While the furnaces themselves did not lead to poor crop yield, in that they developed usable plows, they did divert needed labor from agriculture into industrial production. Mao had urged caution among cadres implementing the industrialization drive to not be overly ambitious with reaching targets, pointing to the fact that this was a serious political error. But in certain regions this guidance was not abided by and a productivist line was put in command. The heroic attitude of the peasants and workers in the People’s Communes to conquer nature and industrialize for revolution was stifled by those within the Party who were more concerned about reaching targets, of letting industry exploit agriculture. In the next section this will be elaborated on for more in depth.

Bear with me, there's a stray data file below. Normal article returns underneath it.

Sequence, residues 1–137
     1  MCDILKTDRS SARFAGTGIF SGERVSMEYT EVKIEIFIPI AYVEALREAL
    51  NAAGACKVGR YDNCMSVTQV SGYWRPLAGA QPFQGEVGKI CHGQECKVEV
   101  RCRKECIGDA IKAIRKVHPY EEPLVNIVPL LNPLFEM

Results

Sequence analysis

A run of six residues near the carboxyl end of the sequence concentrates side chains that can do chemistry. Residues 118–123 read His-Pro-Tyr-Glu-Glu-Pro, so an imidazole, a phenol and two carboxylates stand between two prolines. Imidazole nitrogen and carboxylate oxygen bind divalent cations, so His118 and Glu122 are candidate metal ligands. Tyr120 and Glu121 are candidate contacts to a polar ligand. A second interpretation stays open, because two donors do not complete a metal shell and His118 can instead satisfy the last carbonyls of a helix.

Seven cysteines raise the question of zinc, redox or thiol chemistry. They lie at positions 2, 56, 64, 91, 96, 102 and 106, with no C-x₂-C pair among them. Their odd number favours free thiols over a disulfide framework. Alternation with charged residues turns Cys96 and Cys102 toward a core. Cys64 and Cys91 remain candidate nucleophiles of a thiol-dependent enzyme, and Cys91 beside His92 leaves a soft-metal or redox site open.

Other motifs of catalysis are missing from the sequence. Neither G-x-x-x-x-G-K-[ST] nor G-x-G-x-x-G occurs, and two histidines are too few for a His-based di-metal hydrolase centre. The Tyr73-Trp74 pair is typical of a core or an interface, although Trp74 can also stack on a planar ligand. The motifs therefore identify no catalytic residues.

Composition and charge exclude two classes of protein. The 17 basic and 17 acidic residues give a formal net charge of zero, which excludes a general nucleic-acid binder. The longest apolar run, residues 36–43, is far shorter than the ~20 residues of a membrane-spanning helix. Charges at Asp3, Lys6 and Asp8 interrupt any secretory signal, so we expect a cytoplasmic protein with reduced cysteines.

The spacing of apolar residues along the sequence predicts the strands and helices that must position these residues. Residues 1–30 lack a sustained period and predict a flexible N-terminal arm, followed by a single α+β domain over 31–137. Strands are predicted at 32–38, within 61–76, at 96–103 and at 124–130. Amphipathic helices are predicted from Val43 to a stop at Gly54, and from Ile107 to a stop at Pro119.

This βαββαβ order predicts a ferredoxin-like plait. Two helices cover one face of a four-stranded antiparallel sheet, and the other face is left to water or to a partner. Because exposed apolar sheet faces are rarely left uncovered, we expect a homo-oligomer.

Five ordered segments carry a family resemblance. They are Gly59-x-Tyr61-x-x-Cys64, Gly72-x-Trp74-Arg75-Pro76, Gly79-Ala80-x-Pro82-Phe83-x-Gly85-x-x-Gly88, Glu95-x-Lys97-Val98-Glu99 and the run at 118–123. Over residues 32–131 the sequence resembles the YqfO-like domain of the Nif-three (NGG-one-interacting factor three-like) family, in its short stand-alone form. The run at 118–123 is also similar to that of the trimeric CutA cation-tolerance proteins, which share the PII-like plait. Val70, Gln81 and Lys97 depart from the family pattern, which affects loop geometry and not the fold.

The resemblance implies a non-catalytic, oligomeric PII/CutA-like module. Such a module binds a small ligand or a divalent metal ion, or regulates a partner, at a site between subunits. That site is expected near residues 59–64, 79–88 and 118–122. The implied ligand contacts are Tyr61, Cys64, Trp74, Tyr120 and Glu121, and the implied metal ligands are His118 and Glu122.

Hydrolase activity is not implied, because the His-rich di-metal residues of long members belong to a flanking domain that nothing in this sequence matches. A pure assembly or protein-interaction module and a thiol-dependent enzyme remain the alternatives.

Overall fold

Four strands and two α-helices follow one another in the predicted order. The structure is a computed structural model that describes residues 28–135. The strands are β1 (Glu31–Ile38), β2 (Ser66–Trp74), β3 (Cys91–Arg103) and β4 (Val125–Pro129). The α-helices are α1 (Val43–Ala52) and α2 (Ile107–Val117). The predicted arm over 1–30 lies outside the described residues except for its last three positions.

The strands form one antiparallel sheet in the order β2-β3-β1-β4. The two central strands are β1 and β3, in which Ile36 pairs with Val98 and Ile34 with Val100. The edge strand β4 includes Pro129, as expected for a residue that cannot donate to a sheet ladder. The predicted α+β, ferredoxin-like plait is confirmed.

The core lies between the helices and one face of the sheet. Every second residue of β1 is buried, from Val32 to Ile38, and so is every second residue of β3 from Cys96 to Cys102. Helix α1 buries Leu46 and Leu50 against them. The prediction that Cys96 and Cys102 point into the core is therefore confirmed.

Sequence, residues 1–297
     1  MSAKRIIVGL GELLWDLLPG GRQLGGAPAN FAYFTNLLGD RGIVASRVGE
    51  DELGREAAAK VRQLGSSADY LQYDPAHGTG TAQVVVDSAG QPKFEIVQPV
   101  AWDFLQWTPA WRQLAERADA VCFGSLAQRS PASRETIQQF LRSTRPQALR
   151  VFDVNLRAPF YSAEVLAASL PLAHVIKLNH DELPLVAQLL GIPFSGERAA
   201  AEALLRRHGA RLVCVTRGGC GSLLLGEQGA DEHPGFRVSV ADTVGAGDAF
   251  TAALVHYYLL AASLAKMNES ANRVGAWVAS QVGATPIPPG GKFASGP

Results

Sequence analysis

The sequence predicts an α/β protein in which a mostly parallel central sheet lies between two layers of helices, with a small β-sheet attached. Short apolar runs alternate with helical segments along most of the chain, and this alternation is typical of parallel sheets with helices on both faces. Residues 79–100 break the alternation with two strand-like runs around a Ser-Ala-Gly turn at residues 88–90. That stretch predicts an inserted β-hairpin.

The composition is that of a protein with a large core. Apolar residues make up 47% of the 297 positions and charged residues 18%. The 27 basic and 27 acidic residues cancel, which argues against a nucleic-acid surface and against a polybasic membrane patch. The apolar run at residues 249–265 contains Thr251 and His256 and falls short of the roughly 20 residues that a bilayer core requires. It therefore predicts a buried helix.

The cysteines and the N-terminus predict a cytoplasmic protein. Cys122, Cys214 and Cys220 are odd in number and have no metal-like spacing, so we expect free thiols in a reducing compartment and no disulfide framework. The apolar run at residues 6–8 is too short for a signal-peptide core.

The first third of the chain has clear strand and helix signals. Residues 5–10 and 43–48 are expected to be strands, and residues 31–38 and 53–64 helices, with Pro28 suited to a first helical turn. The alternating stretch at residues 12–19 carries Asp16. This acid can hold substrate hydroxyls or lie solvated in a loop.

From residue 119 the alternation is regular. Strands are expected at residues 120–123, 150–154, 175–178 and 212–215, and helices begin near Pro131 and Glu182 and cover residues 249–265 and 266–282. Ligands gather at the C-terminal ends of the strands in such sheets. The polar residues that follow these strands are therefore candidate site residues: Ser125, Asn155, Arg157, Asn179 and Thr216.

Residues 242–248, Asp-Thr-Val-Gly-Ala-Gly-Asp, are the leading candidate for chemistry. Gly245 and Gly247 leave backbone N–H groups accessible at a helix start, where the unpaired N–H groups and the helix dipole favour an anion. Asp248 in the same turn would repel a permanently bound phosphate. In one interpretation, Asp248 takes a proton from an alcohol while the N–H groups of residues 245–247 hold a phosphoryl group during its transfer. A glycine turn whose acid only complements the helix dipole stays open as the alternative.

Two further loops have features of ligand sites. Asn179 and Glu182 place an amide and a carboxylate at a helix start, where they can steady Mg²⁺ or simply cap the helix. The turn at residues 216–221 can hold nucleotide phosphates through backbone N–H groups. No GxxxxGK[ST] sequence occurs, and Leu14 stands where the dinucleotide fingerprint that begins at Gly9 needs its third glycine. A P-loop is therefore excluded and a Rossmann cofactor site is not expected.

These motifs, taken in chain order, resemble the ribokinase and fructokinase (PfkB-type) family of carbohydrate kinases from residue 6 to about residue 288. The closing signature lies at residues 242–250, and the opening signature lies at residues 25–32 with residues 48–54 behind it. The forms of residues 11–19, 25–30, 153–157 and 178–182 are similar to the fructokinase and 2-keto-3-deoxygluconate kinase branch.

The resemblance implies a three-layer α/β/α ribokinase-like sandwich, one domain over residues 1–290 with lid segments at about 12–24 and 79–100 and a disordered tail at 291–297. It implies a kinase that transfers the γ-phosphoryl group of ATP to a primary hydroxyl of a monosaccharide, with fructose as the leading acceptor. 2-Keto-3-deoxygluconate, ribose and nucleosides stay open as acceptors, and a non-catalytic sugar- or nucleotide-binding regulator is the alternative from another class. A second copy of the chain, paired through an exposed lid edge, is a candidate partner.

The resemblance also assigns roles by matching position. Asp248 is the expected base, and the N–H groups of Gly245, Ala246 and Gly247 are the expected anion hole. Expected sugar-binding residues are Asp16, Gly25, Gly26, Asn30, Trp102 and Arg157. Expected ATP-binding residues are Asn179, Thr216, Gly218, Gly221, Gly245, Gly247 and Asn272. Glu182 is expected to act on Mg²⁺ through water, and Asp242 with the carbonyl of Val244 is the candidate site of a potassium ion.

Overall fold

So the Great Leap Forward was a very risky move, and it was deeply hurt by attacks by the Soviet revisionists (as mentioned before), natural drought, and mistakes on the Chinese part (mentioned above). There was a famine, indeed, but it was not as horrific as the bourgeoisie make it out to be. No one can deny that there were deaths and that in some areas there were painful consequences; yet this all must be taken into context. As we know before 1949, China was basically semi-permanently facing wave after wave of famine. After 1949 there was basically an end to famine. The famine of 1959 was the great exception, in a period where hunger was abolished (for the first time in Chinese history!!) The population doubled under Mao and life expectancy grew by decades. A list of lives lost in India from malnutrition, which did not experience a New Democratic and socialist revolution, is several times the amount of those who perished in the GLF.